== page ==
Diversity has also been associated with higher corporate social responsibility performance and lower risk.
As it turns out, Huang is probably not the only ethnic minority CEO to claim the title of world’s best performing.
Immigrants are natural entrepreneurs. They are a self-selected group prepared to leave their home country in search of new opportunities. They also have an eye for unnoticed market opportunities.
Take Kurdish businessman Hamdi Ulukaya, who founded Chobani in 2005. Not impressed by the yogurt available in US supermarkets, he started to produce his own Greek-style version in upstate New York. It only took him five years to dominate the market with sales of more than $1 billion.
Some 40 per cent of Fortune 500 companies were founded by immigrants or their children. When companies need fresh perspectives, picking a leader with an immigrant background is not a bad idea.
Look at Microsoft CEO Satya Nadella, who first came to the US as a student. In 2014 he inherited a company at the brink of stagnation. Moving away from the cut-throat approach of the Steve Ballmer-era he emphasised a growth mindset. Making big bets in cloud computing and AI he transformed the Window-centric Microsoft into a hot stock again.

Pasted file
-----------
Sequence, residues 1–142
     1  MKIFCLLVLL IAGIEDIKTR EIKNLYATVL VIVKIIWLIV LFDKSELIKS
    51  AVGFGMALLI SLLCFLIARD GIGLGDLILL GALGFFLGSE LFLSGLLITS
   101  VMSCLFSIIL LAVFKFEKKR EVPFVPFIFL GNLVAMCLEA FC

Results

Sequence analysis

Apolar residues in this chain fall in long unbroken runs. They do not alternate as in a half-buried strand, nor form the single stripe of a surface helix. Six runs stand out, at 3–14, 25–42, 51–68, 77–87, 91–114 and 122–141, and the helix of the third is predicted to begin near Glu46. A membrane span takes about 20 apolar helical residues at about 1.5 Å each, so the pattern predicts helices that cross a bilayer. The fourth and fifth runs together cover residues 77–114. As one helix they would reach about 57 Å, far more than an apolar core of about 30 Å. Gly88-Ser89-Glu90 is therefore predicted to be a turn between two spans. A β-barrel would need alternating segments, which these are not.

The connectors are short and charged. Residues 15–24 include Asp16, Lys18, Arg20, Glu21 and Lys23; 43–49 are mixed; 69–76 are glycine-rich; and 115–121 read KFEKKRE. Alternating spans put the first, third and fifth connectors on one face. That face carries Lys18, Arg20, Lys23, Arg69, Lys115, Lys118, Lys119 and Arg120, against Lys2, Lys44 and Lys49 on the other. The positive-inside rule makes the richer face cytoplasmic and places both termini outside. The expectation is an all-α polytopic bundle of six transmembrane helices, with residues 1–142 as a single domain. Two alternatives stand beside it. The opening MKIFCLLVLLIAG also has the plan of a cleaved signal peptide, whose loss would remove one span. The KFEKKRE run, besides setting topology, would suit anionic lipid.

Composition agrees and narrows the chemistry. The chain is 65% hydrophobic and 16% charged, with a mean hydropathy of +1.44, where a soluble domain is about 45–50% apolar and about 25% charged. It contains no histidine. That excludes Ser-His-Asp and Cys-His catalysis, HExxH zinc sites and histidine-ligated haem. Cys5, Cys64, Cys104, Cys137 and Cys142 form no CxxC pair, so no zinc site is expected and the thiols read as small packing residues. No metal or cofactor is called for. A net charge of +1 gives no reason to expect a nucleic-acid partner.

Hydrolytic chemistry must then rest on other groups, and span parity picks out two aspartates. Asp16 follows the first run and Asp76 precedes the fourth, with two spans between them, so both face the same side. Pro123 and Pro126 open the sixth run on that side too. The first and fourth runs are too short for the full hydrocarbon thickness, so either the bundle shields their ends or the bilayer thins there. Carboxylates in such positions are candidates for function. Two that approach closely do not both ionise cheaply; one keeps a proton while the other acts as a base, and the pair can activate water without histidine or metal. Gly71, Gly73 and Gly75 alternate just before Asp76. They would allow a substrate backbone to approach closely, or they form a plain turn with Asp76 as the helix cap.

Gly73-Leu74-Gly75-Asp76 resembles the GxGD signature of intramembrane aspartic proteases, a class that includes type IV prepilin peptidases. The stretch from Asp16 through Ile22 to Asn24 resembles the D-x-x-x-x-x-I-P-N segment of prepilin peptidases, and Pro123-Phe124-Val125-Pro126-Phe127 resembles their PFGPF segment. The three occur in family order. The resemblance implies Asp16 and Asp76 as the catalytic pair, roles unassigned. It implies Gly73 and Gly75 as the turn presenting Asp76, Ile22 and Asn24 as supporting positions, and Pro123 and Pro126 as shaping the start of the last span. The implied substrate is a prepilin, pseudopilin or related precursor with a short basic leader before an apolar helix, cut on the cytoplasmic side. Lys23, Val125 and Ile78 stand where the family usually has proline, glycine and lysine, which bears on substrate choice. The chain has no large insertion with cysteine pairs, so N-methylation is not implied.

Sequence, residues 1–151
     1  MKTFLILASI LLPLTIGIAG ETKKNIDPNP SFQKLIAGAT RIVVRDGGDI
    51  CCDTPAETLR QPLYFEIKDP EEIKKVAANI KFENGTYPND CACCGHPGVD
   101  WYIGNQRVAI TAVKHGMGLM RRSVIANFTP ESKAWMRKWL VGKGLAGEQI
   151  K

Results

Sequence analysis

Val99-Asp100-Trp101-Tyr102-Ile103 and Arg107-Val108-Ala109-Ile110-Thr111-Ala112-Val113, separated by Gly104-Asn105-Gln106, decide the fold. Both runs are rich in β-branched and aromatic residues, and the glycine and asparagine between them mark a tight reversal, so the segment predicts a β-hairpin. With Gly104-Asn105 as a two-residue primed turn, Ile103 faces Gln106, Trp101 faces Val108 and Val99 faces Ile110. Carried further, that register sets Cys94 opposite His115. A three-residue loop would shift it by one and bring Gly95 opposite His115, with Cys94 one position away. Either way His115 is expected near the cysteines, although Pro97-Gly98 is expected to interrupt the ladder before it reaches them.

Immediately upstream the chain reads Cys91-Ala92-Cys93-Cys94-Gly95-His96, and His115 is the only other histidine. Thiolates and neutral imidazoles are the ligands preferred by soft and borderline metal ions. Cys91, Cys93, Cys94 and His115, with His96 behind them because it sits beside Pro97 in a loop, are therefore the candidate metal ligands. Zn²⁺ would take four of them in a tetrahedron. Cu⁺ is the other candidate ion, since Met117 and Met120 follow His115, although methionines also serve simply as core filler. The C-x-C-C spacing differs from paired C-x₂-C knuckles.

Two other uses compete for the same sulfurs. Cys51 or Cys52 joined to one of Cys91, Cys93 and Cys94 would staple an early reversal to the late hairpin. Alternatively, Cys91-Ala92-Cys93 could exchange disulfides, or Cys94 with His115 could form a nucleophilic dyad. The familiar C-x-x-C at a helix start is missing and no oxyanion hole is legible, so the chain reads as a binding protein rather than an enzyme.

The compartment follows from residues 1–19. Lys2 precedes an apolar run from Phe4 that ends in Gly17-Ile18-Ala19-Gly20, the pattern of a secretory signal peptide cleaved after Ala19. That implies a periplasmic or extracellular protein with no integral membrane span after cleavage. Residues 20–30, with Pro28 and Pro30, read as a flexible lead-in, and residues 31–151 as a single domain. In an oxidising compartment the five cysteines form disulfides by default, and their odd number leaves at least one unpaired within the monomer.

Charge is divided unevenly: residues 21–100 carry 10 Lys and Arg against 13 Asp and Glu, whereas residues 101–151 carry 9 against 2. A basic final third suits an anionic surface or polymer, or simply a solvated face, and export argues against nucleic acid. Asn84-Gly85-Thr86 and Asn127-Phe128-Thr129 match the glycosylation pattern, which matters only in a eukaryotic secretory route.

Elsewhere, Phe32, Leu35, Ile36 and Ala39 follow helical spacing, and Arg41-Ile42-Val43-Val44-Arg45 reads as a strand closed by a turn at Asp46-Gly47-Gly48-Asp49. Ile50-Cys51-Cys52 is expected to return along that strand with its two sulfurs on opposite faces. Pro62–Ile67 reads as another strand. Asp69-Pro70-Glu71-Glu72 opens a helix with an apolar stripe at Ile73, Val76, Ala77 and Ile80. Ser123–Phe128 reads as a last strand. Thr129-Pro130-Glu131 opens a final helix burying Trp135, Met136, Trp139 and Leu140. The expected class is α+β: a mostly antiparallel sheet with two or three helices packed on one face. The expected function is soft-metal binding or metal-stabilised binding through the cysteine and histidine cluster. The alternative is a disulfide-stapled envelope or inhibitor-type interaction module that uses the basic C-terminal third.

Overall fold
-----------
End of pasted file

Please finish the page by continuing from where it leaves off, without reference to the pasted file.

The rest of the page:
CEOs with atypical career paths
While an unusual name, ethnicity, gender and immigration status are the most obvious markers of atypicality, a CEO's career path also offers opportunities to be different.
A linear progression in finance or the firm’s core business might be the most obvious path to the top but analysing 250 million emails from employees in a large company, Adam Kleinbaum, of Tuck Business School, found that people with atypical career paths create connections that help them to move beyond silo-thinking.
New research I am undertaking with Florence Karaba suggests that CEOs with cross-functional experience are better able to balance the need to run the existing business and develop new ideas.
It’s also worth looking for CEOs that had unusual work experiences outside the company. While 46 of those leading America’s 50 largest companies have spent most of their career in the same industry, some have picked up experience elsewhere.
A particularly intriguing background is the military. The military appeals to candidates who value discipline, serving others before themselves, and obedience to rules. Analysing 1,265 CEOs, Irmela Koch-Bayram, of the University of Mannheim, and Georg Wernicke, of HEC Paris, were able to show that those who served in the military were less likely to be involved in financial misconduct.
While atypical CEOs are in a strong position to guide companies into this new era of uncertainty, the likelihood to climb the greasy pole of success is much higher with an MBA from Harvard and a stint at McKinsey. But who said that this will remain the same in future years? Companies are likely to realise the power of diversity.
Read the original article at Forbes.
Follow Christian Stadler on Twitter @EnduringSuccess.